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    How to Sell Silver & Gold Bullion Locally

    If you want to sell some gold or silver, you can do so either online or in-person. There are tradeoffs for both methods. Online dealers are plentiful and offer the convenience of a transaction without the safety issues that you have to endure to sell your metals in person.

    However, online dealers understand that those conveniences are valuable. As such, online dealers might pay lower prices on some items than you might find in-person.

    If convenience and safety are paramount to your transaction, consider a reputable dealer like JM Bullion to handle your metal sales. However, if you want to understand how to get the best price and have cash in hand quickly, this page is for you. Here is the JM Bullion guide to selling your gold locally.

    A Brief Guide on How Gold (and other Metals) Are Bought and Sold

    Precious metals like gold are just like any other commodity in terms of their prices. At their core, they are determined by what the buyer is willing to spend and what the seller is willing to accept.

    Local gold dealers are in business to make money from the difference in the price that they purchased their stock and the price at which they sell it. This separation, known by some as the “buy and sell spread,” is the essence of the shops’ business model. As such, they are always looking to maximize the amount they can sell gold and minimize the amount they must pay to buy it.

    These prices don’t occur in a vacuum. Instead, we look to the overall market for gold to arrive at a general guideline for the price of gold (or other precious metals). The amount that gold is generally selling in the open market is the spot price.

    The Steps to a Successful Sale

    Now that you understand how the prices are generated and what you’ll encounter when you attempt to sell (or buy), let’s walk through the actual steps of the process.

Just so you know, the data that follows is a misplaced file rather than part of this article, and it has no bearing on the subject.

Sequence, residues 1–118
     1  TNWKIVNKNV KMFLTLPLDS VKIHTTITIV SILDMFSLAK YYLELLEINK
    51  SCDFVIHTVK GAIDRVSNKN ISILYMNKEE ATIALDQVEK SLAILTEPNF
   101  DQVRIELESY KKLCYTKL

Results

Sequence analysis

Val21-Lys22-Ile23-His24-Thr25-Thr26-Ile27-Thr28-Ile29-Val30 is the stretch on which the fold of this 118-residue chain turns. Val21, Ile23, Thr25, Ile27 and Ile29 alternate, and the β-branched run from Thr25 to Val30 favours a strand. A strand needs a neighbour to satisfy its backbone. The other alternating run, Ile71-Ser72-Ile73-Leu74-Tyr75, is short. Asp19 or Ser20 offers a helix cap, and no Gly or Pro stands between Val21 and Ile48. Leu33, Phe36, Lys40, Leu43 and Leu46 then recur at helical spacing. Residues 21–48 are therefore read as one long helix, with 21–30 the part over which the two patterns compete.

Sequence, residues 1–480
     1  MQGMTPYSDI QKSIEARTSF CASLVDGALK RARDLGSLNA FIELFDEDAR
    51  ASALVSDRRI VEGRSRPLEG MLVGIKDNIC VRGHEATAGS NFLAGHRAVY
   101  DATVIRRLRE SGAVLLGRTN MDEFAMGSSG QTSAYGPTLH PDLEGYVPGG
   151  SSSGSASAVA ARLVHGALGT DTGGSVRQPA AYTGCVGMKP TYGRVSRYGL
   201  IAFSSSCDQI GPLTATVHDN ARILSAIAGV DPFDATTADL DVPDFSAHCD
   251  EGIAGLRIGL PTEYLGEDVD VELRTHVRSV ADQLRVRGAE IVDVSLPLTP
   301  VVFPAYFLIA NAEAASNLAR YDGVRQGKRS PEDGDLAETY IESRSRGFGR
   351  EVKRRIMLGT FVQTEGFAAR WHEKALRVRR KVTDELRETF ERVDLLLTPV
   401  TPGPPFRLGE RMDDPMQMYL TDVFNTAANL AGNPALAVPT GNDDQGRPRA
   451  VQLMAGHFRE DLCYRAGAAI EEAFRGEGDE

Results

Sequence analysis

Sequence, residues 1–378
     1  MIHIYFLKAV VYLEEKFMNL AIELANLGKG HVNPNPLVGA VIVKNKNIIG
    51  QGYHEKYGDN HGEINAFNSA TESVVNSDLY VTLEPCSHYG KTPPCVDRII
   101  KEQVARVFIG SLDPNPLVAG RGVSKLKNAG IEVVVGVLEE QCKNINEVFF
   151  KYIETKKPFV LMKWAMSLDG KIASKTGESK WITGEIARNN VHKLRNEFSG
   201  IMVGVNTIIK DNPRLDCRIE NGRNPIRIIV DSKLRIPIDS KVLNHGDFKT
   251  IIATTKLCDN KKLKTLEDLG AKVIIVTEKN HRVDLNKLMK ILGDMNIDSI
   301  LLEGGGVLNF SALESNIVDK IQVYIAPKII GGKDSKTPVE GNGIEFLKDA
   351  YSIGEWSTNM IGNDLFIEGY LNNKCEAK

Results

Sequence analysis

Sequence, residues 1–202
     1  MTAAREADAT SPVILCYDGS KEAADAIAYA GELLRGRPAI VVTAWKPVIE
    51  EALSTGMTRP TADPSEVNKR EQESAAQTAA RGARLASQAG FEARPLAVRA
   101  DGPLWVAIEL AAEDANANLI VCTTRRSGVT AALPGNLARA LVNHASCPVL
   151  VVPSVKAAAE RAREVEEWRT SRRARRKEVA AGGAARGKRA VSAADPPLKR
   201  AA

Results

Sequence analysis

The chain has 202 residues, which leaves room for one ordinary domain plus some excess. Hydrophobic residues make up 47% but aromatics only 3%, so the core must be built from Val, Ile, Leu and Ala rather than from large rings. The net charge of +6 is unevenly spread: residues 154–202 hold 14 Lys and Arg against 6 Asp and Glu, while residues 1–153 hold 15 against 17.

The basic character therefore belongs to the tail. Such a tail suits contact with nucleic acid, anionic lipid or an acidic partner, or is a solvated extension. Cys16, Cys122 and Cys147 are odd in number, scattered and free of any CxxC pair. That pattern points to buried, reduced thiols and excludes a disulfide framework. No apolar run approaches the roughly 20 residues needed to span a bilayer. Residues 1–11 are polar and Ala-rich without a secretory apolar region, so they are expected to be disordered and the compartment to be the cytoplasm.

Find a reputable dealer

    The first task is to find a reputable dealer in your area. Obviously, you could simply Google “gold/silver buyers near me” or something similar and pick whichever shop(s) are closest to you. You can even take the time to read the reviews posted on Google about your chosen shop.

    However, we may have a better option for you. JM Bullion curates a directory of local coin dealers and precious metal exchanges across the United States. We have identified these locations as the most reputable in your area based upon their years of service and the verified experiences that we have heard about them.

    JM Bullion receives no money for publishing these dealers’ information. If you want to know what your nearby options are, our directory is the best we can offer.

    Understand the value of your item(s)

    Now, we do have to mention one caveat about choosing a dealer from our directory or from Google. Specifically, take a step back from these options if your item to be exchanged is a piece of finished jewelry or other finished product.

    You should be especially careful if the item is from a reputable jeweler or prestigious outlet. If that’s the case, your best bet might be a trustworthy jewelry shop in your area, rather than a dealer. At the very least, you can get an honest appraisal and know the true value that you possess.

    To that end, even if you are trading gold or silver coins, make sure to do some research about the current market for your particular currency. They may be worth more due to their identity than their raw material value.

    For instance, the American Silver Eagle, the official silver bullion coin of the United States, is guaranteed to contain a single troy ounce of silver. However, a generic 1-ounce silver round, which contains the same amount of silver as the Silver Eagle, does not command nearly the same premiums as the ASEs do. The higher prices that Silver Eagles command are due to the fact that the actual coin itself is more desirable than other coins of comparable composition.

    So, do your homework about what you’ve got before you walk into a store. Pay attention to the details associated with your holdings, too, as the price difference between two seemingly identical coins can boil down to minute design differences on one face or the other. Be realistic about the condition of your items, too, as their status can radically alter the sale price.